Take our online screening or call 815-756-4875 today for more help and information.
Our Ben Gordon Center Special Programs team is celebrating Love Your Body Day! Check out their table at our Central Office at 12 Health Services Drive.
Every day, in so many ways, the beauty industry (and the media in general) tell women and girls that being admired, envied and desired based on their looks is a primary function of true womanhood. The beauty template women are expected to follow is extremely narrow, unrealistic and frequently hazardous to their health. The Love Your Body campaign challenges the message that a woman’s value is best measured through her willingness and ability to embody current beauty standards.
October 10, 2013, 5:58 p.m.
Twitter is great for spoiling TV shows and criticizing Miley Cyrus‘ latest performance, but researchers at Brigham Young University say the social network may also be an effective way of identifying users at risk of suicide.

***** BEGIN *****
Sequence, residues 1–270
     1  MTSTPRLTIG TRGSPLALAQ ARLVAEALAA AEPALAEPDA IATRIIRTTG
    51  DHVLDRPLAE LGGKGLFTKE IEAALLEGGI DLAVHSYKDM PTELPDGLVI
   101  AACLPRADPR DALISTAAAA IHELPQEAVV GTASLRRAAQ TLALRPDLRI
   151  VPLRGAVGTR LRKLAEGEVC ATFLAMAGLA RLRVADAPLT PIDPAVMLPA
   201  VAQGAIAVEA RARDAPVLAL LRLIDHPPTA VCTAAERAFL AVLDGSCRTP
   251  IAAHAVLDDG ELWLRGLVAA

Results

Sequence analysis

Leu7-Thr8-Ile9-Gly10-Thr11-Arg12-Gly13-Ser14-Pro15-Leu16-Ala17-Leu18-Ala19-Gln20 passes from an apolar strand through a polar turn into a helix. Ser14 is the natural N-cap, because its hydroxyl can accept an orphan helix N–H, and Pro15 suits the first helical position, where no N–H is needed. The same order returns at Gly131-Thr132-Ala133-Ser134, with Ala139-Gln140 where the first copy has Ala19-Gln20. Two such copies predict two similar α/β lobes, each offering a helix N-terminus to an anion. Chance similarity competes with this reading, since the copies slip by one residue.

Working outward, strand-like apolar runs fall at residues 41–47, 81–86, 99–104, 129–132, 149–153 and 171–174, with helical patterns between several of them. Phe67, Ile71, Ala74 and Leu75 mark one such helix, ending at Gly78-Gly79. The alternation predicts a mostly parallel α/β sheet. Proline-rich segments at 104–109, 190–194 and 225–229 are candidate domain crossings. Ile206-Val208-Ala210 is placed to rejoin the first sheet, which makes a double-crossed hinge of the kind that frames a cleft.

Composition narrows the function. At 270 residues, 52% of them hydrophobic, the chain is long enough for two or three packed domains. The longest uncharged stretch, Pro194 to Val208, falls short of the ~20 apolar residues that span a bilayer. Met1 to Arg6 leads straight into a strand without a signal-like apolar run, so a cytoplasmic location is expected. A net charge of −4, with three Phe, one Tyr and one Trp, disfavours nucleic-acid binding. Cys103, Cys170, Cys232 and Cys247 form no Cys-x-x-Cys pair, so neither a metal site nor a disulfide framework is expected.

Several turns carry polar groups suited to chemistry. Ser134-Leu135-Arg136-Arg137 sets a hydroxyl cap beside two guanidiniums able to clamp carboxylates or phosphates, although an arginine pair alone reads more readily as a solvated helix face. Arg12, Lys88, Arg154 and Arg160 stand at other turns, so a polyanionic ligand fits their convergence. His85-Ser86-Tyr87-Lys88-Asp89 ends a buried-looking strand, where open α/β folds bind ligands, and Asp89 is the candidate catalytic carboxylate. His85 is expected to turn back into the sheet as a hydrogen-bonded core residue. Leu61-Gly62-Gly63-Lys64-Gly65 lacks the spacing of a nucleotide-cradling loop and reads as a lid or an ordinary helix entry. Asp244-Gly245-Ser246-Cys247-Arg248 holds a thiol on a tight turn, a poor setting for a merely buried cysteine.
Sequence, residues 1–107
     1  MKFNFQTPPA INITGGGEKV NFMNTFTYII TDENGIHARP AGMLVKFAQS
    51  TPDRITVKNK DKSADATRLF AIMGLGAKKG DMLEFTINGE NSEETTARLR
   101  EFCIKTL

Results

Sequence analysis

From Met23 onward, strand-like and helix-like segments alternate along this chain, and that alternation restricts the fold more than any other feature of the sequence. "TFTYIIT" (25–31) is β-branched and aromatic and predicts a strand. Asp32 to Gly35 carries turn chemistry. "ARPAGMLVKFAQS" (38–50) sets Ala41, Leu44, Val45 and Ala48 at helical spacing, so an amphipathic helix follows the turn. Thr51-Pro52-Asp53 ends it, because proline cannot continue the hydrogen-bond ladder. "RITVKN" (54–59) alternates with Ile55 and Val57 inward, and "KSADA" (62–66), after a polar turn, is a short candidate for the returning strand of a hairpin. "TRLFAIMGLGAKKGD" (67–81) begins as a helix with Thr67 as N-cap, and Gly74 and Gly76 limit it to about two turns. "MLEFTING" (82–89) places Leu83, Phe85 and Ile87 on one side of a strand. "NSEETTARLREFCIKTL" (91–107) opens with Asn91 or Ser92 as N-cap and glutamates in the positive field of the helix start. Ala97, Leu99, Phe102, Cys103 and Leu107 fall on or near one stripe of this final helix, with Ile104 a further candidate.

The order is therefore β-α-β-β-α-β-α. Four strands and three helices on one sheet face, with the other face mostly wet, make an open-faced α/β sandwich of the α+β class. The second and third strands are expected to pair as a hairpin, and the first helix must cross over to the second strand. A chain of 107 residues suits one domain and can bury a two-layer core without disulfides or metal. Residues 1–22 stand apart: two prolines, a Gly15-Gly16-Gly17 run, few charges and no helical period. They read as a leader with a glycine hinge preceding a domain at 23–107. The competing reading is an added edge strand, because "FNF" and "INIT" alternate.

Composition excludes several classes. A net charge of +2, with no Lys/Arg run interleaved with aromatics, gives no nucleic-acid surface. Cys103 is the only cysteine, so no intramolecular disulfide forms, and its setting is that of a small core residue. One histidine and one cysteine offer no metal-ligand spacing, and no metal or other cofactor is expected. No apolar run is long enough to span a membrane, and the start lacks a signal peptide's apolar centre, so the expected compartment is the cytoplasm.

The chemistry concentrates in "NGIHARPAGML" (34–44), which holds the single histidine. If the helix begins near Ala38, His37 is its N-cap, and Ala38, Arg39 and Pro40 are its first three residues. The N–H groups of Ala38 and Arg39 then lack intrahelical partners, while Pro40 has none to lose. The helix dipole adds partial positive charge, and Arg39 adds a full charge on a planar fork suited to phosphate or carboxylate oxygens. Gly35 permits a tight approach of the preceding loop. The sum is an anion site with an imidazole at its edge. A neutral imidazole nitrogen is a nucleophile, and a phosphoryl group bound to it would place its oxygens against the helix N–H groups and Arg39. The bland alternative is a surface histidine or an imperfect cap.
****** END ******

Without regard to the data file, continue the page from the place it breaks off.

A study that will be released Friday says researchers at BYU studied Twitter for three months, looking for tweets that directly discussed suicide as well as keywords and phrases related to risk factors and warning signs for suicide. They found nearly 38,000 “troubling tweets” from more than 28,000 users.
The terms included phrases like “sleeping ‘a lot’ lately,” “I’ve tried suicide before” and “always getting bullied.”
By analyzing the tweets, the researchers found that each state’s ratio of suicidal tweets strongly correlated with the state’s actual suicide rate. The correlation is important because it is preliminary confirmation that Twitter can be an accurate source for identifying users who may be at risk of committing suicide, the study says.